11. 1 point
    I’m on the same page Dryfly. When I first started tying (before soft hackles were invented) I tied many of the traditional wet fly patterns. Today I only have a couple wet fly patterns in my fly box. Lead wing coachman is one and a hares ear wet fly is the other. I have s couple others that I’m not sure of the name. I cast across the stream and let it drift down river and let it swing. Some times I will strip it in some manner. could the traditional wet fly be returning??? Maybe it never left?
  12. 1 point
    I'm sure it's an awesome rod, but "stood the test of time" might be a bit of a stretch for a model that's a year old.
  13. 1 point
    Ya the pike will appreciate that.
  14. 1 point
    Happy Turkey Day! GL
  15. 1 point
    Bit late to the game here, hope all had a great Thanksgiving, but wished to echo several statements. First, thanks to Kevin for creating and hosting the forum. I've enjoyed the banter as well as the tips along the way. It's been beneficial as I entered a completely different style of fishing. Second, thanks to all the seasoned posters for sharing their knowledge / updates of outings. Seeing those helped fan the flames of craving the new experience, and assisting with my success. I feel bad for my spinning gear now.... Though a number have helped me, 2 really stick out to me: first, Alan on the 2-handed board - man, what an in-depth, elegant and thoughtful response I received when inquiring about that method of fly-fishing. Had I not under-estimated the time demands of a being a new father before asking that question, I'd have a two-handed outfit based upon his response alone. The second is Mal and the amount of knowledge he's proactively and generously shared about salt. Very kind and generous. Thank you! Hope the holidays are safe and enjoyable for all.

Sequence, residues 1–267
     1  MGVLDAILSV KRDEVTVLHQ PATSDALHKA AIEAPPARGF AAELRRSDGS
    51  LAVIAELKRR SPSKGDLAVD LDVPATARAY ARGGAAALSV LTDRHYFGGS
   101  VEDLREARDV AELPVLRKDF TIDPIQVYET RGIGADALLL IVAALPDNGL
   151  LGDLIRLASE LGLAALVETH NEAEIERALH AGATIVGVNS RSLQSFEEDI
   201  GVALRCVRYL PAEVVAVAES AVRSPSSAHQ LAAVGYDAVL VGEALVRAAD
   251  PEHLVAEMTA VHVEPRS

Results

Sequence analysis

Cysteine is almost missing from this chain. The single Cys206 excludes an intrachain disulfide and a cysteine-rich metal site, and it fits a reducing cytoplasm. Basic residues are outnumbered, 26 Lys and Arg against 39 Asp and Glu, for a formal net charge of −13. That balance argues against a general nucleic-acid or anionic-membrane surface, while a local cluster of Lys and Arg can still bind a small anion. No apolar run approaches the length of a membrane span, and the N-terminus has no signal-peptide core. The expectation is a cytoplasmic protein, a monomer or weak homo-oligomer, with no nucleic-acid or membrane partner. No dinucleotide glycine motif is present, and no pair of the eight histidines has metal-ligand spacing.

16. 1 point
    Just gotta keep removing the damn dams and life will find a way...
  17. 1 point
    Very nice! I’m waiting for the hard top now, tied up some ice flies to target them in another week or so.
  18. 1 point
    Brookies - yes. I've never tried for landlocks this time of year but I would assume so.
  19. 1 point
    Might i also suggest the Ausable and Saranac as long as you will be so close.
  20. 1 point